It’s asparagus season! Here are a few recipes to get you started. At the Open House on Saturday, I made the Asparagus and Ramp soup – it’s delicious and the most vibrant green.
Pick ups start next Wednesday! It’s been so cool recently that the crops have really slowed down, but we’ve got asparagus and rhubarb and some really gorgeous green onions as well as some other things. Just remember that the season starts slow, but makes up for it in the summer and fall!
Asparagus and Ramp Soup with Yogurt
This is a quick but elegant soup, featuring asparagus and ramps (wild leeks – if you pick only the leaves, they’ll come back year after year – pulling the whole plant devastates the population). You can also use green garlic, leeks, or green onions.
2 pounds asparagus, root end trimmed
1 pound ramps (only need the leaves), green garlic or green onions
2 Tbsp butter
2 C veg or chicken broth
1 C plain (full fat is best) yogurt
¼ C olive oil
1 Tbsp lemon juice
2 Tbsp chopped mint
Bring a large pot of water to boil and add 2 teaspoons of salt to the water. Prepare an ice bath (or at least a cold water bath – I don’t always bother with the ice) to cool the asparagus as it comes out of the pot.
Cut the tips (about an inch or two) off the tips of the asparagus and blanch them in the salted water – about 30 seconds. Remove them with a slotted spoon and put in the ice bath til cool, then transfer them to a plate and set aside as a garnish for the soup. Add the asparagus stalks to the blanching water and cook them until just tender – about 2 minutes. Chill in the ice bath and then transfer to your blender.
Separate the ramps – set aside a quarter of them as the garnish. Heat a large skillet and chop the remaining three quarters ramps roughly and sauté in 1 Tablespoon butter until tender and lightly browned. Throw them into the blender jar with the asparagus. Add the broth and yogurt, and blend on high speed until totally smooth. With blender running, slowly add the olive oil. Season to taste with salt and pepper. Transfer to a pot and heat gently (not too long or it will turn army green). When ready to serve, stir in lemon juice. Melt 1 Tablespoon butter in skillet and sauté the asparagus and the garnish ramps together.
Ladle soup into bowls and garnish with asparagus tips and ramps, as well as chopped mint and a drizzle of olive oil.
Asparagus and White Bean Salad
You may remember this salad from a few years ago – I first started making it in Portland. Make your own beans for the very best salad possible, but use canned if you must. Any type of slightly salty, firm-ish cheese will do – cotija (kind of like Mexican feta – salty and crumbly) is lovely but you can also use feta, pecorino, or a fresh water buffalo cheese from Monforte Dairy.
1 bunch (1 – 1 ½ pound) asparagus, cut in pieces about twice the size of the beans
2 C cooked white beans (cannellini or navy beans), drained of liquid
1/3 C cubed or crumbled cotija cheese
¼ tsp lemon zest
Juice of at least half a lemon, more if you like
1 small shallot, minced
¼ C parsley, chopped
2 Tbsp mint, chopped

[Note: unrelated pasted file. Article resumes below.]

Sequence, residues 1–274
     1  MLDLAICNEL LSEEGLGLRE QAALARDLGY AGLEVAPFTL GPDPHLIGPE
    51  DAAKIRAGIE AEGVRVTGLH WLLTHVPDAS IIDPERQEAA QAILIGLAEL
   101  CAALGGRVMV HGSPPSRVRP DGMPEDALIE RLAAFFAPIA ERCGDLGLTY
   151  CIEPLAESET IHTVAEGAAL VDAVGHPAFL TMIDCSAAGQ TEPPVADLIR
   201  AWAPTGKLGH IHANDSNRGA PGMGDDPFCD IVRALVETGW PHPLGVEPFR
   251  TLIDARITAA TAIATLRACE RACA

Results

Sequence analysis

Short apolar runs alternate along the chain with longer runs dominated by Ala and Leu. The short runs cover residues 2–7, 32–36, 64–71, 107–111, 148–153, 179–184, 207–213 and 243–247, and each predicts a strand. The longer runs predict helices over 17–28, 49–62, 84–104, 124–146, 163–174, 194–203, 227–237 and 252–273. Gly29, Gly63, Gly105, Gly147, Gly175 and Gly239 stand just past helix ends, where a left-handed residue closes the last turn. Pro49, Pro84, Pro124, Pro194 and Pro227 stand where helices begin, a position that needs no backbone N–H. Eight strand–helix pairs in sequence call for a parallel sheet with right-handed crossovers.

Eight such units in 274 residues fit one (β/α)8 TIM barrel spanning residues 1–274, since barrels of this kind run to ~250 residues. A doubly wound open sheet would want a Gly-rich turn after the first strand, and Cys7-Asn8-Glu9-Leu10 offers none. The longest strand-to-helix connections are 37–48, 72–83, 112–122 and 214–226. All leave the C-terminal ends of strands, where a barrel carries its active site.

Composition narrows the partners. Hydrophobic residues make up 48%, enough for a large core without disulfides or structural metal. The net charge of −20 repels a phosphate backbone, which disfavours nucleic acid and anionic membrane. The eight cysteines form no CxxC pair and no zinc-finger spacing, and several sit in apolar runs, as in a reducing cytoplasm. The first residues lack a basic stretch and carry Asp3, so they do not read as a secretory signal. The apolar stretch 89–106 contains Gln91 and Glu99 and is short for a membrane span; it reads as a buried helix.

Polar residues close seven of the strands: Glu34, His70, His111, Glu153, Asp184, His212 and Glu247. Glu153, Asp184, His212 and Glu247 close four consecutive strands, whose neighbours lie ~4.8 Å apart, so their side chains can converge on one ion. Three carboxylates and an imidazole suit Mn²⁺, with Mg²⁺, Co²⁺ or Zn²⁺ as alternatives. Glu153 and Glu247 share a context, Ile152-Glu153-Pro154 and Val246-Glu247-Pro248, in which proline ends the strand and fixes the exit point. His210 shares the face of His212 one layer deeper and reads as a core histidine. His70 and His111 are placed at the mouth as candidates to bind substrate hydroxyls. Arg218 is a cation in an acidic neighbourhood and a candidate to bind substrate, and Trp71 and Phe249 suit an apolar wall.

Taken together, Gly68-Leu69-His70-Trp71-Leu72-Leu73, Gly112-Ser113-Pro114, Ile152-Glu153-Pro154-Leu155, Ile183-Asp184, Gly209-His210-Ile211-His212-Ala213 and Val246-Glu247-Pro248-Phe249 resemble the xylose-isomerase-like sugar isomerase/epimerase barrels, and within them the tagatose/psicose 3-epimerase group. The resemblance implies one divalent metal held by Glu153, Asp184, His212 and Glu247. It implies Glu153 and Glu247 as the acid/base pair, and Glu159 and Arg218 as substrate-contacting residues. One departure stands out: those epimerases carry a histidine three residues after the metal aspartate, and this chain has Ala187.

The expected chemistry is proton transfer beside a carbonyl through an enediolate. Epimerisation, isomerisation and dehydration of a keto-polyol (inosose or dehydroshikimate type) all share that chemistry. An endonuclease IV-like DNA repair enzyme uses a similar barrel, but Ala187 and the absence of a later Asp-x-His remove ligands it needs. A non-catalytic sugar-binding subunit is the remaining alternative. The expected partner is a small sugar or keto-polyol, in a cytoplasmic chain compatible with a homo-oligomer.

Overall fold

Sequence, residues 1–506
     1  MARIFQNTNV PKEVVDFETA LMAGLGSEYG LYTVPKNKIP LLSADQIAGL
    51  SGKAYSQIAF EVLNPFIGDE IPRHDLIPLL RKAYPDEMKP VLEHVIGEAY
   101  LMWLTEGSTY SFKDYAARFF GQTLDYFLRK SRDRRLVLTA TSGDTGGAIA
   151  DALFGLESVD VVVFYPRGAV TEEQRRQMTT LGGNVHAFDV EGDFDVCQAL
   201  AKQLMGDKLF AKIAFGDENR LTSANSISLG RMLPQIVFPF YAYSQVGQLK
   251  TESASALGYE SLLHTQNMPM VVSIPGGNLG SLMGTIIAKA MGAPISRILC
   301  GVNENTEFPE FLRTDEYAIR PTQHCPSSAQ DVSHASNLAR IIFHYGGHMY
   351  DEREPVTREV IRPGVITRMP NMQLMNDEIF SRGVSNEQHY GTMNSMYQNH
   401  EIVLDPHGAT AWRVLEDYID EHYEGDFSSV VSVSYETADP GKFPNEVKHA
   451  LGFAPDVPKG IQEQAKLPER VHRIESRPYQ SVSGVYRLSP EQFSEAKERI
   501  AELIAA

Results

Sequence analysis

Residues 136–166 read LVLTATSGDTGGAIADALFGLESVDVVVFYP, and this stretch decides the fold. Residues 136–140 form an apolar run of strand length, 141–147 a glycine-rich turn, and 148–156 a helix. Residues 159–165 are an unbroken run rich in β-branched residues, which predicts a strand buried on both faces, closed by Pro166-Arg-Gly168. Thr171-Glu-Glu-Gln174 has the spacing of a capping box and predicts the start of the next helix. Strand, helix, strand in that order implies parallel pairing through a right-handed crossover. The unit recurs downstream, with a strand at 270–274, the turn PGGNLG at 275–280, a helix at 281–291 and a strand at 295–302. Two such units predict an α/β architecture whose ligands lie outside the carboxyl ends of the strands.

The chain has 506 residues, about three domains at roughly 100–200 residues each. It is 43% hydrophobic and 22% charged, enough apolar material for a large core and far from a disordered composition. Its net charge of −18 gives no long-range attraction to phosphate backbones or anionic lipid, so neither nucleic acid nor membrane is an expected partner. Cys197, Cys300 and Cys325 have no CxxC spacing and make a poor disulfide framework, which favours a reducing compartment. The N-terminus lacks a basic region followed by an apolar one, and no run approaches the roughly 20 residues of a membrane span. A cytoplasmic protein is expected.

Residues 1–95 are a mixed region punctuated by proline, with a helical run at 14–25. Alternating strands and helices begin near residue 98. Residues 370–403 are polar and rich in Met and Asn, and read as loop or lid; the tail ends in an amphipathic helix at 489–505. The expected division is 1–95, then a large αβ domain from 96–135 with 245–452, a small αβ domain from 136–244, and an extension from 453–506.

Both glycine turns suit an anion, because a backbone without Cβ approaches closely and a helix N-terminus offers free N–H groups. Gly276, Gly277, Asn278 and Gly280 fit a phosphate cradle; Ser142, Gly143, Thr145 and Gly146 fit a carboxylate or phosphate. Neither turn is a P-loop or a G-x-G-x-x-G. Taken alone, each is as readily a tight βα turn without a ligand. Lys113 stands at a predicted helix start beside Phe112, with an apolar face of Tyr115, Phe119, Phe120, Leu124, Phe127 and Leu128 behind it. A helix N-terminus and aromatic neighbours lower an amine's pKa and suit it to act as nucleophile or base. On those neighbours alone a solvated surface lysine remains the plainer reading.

3 Tbsp olive oil
Salt & pepper
Bring a medium sized pot of water to a boil. Add 2 teaspoons of salt. It seems like a lot, but the asparagus is only in the water for a short time, so the seasoning has to be aggressive to have an effect. Also prepare an ice bath – a bowl of cold water with a cup or two of ice in it to cool the hot asparagus and halt the cooking process.
Blanch the asparagus for a short amount of time – like 30 seconds. You want it to still taste fresh and not at all mushy, so when it’s turned bright green after 30 seconds, it might be done! Pull it out with a slotted spoon into the ice bath. When cool, remove to a plate lined with a towel to dry.
Place everything in a large bowl and toss gently to combine. Add a little more lemon juice, salt and pepper to taste. Serve at room temperature or slightly chilled.
Lacto-Fermented Asparagus Pickles
Just like all fermented pickles, there’s not much to these aside from the process, time and my favorite – air locks! An air lock jar allows the gases created during the fermentation process to escape, while ensuring that no air gets in to the jar to feed the bacteria (and mold) that you don’t want in there. Harvest Pantry – a stall at the Western Fair – sells gallon jars with an air lock for $16 or so and they’re perfect.
Asaparagus – as much as you think you’ll eat! Leave whole or chop
Garlic – green garlic, or a clove or two of regular garlic
Lemon (optional – a slice or two)
Dill (a big sprig – also optional – but if you love dill pickles, why not dilly asparagus?)
5 Tbsp salt
8 C water
Place the asparagus in the jar and pack as tightly as possible. Throw the garlic and/ or lemon in there too.
Dissolve the salt (use Himalayan or a pure sea salt, no iodine) in the water (use natural spring water – well water is good, not treated city water) and pour over the asparagus until submerged. Don’t worry too much about the asparagus poking out of the brine, if you’re using an airlock, it should be fine.
Sit it in a dark corner or cupboard for 3-5 days. The longer it sits, the more ‘vinegar-y’ they will taste. Then refrigerate and enjoy for the next month or two.
See you soon!